it is not the answer that enlightens, but the question.

Posts tagged ‘native hawaiian’

E Noelo I Ka ‘Ike

E Noelo I Ka ‘Ike, To Search for Knowledge, is an exciting project designed to counter a lack of awareness, access to, and competency engaging with Hawaiian resources. Team members work with librarians, other educators, and directly with students to teach information literacy and introduce culturally relevant resources.

The 2017 Native Hawaiian Education Convention (NHEA), hosted at the beautiful Windward Community College (WCC) Campus, included a E Noelo I Ka ‘Ike session to teach about databases and search strategies to retrieve information for professional and personal use including genealogy, Hawaiian language, hula, land, and more.  

nhea

Tuti Kanahele describes options for making Kahili.

Participants also recognized outstanding educators and enjoyed keynotes on topics of current interest such as the amazing Hōkūleʻa voyage and Hawaiian films. Producer Beau Bassett gave an update on Out of State, a documentary exploring the lives of a group of Hawaiian inmates living far from home. There were hands-on workshops too –  such as Pena Kiʻi i Keahiakahoe, observation, mo’olelo and mele of the area in conjunction with painting of one of O’ahu’s most famous mountains; and Kahili paʻa lima, the art of feather making.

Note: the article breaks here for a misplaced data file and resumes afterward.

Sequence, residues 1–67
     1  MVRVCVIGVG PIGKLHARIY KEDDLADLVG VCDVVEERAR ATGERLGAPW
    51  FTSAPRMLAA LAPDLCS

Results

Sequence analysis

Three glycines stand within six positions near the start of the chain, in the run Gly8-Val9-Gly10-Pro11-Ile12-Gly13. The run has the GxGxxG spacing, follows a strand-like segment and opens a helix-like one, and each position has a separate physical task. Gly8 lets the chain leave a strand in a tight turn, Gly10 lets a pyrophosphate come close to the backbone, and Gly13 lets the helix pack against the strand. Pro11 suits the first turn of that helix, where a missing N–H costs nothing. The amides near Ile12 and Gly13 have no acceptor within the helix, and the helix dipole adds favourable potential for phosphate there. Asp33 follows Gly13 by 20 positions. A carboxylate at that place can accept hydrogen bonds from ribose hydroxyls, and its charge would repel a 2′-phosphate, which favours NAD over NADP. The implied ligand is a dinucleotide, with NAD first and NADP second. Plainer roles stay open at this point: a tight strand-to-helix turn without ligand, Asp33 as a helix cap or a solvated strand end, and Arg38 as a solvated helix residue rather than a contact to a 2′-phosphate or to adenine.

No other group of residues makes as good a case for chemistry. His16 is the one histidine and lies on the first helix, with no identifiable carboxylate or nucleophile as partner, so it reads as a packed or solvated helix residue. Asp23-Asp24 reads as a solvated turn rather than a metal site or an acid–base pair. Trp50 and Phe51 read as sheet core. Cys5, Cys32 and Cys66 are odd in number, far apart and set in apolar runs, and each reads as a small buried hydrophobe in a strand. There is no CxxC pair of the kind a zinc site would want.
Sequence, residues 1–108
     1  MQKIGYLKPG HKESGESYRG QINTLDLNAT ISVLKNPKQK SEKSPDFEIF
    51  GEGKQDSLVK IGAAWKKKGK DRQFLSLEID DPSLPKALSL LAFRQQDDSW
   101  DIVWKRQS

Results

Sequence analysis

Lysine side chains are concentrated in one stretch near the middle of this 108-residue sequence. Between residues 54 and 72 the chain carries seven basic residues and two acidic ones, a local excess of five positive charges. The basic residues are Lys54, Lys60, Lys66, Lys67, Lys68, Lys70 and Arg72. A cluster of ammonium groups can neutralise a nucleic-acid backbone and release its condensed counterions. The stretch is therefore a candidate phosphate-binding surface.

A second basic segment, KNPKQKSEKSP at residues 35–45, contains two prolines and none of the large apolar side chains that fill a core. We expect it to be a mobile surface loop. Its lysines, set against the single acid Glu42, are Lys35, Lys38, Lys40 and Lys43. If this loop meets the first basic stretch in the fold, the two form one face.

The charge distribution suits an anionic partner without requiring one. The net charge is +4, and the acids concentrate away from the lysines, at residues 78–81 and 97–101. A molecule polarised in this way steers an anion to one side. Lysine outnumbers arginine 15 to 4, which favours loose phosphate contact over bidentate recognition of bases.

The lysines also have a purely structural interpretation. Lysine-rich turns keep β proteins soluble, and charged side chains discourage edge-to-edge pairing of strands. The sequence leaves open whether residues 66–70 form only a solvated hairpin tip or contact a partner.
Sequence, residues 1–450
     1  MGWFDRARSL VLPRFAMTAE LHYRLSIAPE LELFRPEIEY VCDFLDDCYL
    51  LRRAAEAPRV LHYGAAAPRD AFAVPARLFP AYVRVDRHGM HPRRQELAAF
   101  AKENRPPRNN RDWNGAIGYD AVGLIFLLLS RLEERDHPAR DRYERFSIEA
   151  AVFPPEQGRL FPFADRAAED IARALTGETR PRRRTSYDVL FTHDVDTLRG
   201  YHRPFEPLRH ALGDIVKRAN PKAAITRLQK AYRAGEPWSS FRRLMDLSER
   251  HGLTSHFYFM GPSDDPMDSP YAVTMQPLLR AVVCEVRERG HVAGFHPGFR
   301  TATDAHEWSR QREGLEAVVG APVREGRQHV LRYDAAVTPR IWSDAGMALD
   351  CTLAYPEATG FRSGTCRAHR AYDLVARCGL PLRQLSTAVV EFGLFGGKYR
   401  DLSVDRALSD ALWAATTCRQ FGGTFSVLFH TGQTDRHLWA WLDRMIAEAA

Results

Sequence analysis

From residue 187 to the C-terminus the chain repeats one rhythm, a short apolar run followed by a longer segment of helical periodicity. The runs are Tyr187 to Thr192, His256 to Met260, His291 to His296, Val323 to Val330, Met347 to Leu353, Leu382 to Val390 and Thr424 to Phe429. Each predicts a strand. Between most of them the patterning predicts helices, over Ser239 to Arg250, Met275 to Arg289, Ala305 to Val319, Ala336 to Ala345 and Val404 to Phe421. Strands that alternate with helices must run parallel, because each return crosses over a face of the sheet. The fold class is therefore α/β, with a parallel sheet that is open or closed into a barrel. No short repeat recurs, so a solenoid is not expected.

#weneeddiversebooks and more

 

Dr. Debbie Reese of American Indians in Children’s Literature visited Hawaiʻi in March 2015 to offer the keynote lecture at the Hawaiʻi Association of School Librarians (HASL) Spring Conference. 

HASL Conference Flier

HASL Spring 2015 Conference Flier

During the HASL talk and at other sessions with school and public librarians and LIS students, Dr. Reese shared insights aligned with the #WeNeedDiverseBooks initiative. In particular, Reese discussed the misrepresentation of American Indians in children’s literature that obscures the diversity that exists across 566 federally recognized sovereign tribal nations. Read more about these issues here.

Mahalo nui loa Dr. Reese and all HASL conference organizers, speakers, and participants for sharing outstanding work.

Liko Hoe @ HASL Spring Conference (WCC)

via Twitter – #HASL2015 

Nā Hawaiʻi ʻImi Loa Ho’okele Na’auao

Nā Hawaiʻi ʻImi Loa hosted Ho’okele Na’auao | Hawaiian Librarianship Symposium 2014 on October 23 in collaboration with Hawai’inuiakea School of Hawaiian Knowledge (HSHK) Kamakakūokalani Resource Center and the Library & Information Science (LIS) Program.

This symposium emphasized preservation including discussion and viewing of 19th century kapa moe, which had been recently restored. The general purpose was three-fold:

  1. To increase the number of Library and Information Science Native Hawaiian graduate students
  2. To build a strong collaborative relationship between HSHK and the LIS program
  3. To promote Hawaiian Librarianship and its importance in the 21st century.
symposium

Ho‘okele Na‘auao literally means to sail or navigate towards knowledge. With the amount of information that is readily available these days, information professionals have now become the navigators, working alongside users to guide them to the appropriate resources and, ultimately, their destination.

Learn more via Twitter – #hookele2014